Sunday, April 23, 2017

Flirt, Swoon, Use Your Womanly Devices

When your evening begins somewhere luxe, you don't anticipate it ending in an industrial corridor.

Our quartet arrived in the rain at Spoonbread Bistro, were shown to a table in the center of the room and immediately began social intercoursing, at least until we noticed the restaurant steadily filling up. Pros all, we knew it was best to order before the masses did.

The Four Graces Pinot Blanc wet our whistles and amuse bouches of spicy pimento cheese tarts whet our appetites. My companion's order changed once our ginger-bearded server announced that softshell crabs were in the house, while I stuck with a gift-wrapped salad and scallops with corn pudding and bacon drizzle.

The scared and profane part of the discussion began when the friend eating frogmore stew admitted he had shown up for Easter dinner with nothing more than a bouquet of flowers and a cherry pie, completely unaware that Easter was a gift-giving holiday.

Au contraire, he discovered, as we heard tell of Easters past with presents as varied as a BB gun and a Matchbox racetrack because apparently not everyone celebrates resurrection simply with black jellybeans.

And P.S., if anyone's going to bring me flowers and pie, please make it blueberry.

Tonight, mine was the rare case of dessert remorse because the 24k gold leaf carrot cake with maple icing my companion ordered was downright spectacular, certainly more alluring than the chocolate I'd opted for. Will I never learn?

We had no remorse about our choice of entertainment with "Something's Afoot," a murder mystery musical spoofing Agatha Christie's "Ten Little Indians" that, according to director Tom Width, Swift Creek Mill had produced 25 years ago. Not to point out the obvious, but I did a lot of things in 1992 that I'd just as soon not repeat now (one incident involved lemon drops and that's all I'll say about that), but Swift Creek had no such compunction.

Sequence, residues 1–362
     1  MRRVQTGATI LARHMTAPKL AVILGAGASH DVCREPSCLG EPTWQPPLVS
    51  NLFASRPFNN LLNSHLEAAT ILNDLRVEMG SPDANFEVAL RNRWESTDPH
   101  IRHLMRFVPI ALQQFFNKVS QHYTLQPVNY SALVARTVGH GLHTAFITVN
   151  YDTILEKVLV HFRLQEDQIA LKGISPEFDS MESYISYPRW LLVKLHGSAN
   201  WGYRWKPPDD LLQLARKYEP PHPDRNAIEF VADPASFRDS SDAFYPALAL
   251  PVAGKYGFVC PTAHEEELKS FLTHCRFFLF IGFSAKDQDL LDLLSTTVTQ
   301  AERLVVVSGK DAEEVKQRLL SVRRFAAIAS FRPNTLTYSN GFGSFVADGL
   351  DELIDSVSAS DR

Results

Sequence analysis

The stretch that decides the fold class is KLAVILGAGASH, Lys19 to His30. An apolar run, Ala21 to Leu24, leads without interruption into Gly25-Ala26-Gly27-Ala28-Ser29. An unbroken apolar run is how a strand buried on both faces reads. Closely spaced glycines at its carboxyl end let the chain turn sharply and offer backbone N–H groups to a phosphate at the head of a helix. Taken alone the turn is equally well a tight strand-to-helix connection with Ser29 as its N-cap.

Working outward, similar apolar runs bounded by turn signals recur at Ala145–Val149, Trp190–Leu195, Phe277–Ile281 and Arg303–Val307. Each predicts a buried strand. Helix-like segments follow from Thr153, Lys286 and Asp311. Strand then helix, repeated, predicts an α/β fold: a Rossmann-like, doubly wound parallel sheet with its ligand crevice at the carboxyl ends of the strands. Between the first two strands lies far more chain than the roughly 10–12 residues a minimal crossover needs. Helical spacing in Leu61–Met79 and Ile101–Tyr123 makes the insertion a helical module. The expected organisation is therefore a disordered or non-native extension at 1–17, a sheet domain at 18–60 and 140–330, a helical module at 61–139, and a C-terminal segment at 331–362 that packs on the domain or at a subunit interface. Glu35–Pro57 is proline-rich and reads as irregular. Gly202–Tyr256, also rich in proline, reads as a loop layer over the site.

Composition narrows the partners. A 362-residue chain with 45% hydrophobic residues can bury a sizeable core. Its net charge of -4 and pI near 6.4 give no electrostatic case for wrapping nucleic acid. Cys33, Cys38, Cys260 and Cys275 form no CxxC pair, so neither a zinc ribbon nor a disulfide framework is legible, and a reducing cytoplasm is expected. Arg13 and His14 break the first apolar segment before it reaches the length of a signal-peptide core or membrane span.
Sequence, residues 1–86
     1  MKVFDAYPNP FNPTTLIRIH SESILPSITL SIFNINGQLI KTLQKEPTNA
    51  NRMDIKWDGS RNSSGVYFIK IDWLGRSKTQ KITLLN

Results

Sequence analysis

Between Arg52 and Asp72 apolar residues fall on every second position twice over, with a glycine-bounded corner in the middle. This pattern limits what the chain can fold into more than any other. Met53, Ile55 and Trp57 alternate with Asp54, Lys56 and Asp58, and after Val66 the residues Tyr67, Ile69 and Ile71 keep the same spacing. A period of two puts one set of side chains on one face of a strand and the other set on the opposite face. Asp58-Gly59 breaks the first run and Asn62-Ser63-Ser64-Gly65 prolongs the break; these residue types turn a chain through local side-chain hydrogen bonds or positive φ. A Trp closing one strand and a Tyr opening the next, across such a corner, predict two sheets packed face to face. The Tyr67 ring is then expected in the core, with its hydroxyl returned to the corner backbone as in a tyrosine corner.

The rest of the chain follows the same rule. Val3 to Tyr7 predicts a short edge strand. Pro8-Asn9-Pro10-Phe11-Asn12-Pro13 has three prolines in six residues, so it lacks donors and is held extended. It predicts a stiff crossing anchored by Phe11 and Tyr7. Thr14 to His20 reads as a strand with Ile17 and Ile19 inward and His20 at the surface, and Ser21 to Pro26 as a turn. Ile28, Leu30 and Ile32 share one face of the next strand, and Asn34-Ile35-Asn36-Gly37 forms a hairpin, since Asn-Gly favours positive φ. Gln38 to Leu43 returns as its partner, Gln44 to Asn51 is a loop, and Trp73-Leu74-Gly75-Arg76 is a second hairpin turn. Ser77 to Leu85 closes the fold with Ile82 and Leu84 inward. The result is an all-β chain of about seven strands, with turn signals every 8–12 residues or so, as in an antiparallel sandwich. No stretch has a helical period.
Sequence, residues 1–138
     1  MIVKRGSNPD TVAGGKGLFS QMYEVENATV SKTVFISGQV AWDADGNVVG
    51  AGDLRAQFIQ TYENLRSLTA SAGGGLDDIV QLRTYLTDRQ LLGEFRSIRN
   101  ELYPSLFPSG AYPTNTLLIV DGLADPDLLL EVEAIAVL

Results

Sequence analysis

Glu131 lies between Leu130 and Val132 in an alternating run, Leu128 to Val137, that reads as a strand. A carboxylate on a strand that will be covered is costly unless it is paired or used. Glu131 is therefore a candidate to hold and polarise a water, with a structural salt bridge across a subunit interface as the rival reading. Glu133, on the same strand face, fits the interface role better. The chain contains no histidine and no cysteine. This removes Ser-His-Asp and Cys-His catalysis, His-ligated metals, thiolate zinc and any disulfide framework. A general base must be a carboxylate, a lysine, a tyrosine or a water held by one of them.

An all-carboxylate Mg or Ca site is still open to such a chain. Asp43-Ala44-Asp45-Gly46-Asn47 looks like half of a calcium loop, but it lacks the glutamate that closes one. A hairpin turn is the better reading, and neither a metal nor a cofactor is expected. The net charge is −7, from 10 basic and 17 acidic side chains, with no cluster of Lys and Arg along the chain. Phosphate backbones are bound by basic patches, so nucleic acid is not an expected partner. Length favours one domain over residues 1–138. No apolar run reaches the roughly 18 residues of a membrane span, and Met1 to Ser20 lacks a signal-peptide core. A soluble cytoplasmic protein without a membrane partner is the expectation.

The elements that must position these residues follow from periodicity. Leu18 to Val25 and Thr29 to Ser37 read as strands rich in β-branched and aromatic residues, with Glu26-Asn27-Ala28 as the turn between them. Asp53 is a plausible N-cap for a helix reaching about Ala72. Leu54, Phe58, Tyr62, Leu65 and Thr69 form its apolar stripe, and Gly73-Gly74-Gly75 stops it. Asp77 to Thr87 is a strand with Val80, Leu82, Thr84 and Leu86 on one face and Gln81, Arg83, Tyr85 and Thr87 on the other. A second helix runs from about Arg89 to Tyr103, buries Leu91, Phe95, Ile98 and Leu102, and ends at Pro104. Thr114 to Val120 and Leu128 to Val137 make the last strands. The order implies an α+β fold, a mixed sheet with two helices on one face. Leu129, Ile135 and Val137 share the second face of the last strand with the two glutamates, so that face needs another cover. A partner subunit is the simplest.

Adding drama to drama, he also told us to check out the creek because the water coming down from under Route 1 was battling with the roiling water from the rain on this side, making for some mighty agitation. Of course I trooped outside during intermission with my willing accomplice to see nature's churning spectacle.

The story of guests being invited to an English lake country manor house for a weekend was all kinds of fun with French malapropisms ("Quelle fromage!"), a maid with a pitch-perfect Cockney accent, multiple unlikely death scenarios (poison dart, missing step, falling shield) and near-constant laughter at the top-notch cast's delivery.

Jacqueline Jones was made for the role of Miss Tweed (in a tweed suit, natch), all efficiency and suspicion, while it was impossible not to keep an eye on John Mincks' every move (casually at the fireplace adjusting his junk after fondling a fellow guest) as the crafty nephew trying to secure his inheritance.

Not for a second did the play let us forget it was all one big device, never more evident than when one guest tells another, "We'll leave as soon as it's climatically possible."

The four of us left once the play was smoking its metaphorical cigarette, only to get right back off the highway when we saw a sign for a crash ahead. The nearest exit took us on a soul-less stretch of road that put me closer to Philip Morris than I'd ever been, involved some screaming at a perceived dangerous moment (it wasn't) and, at one shoddy point, was described as resembling a cow path.

Big deal. Once you've been serenaded about getting a rash from a man with a ginger mustache, it takes a lot more than Commerce Road to sour your night.

Besides, no one wants their evening to end before it's climatically optimal.

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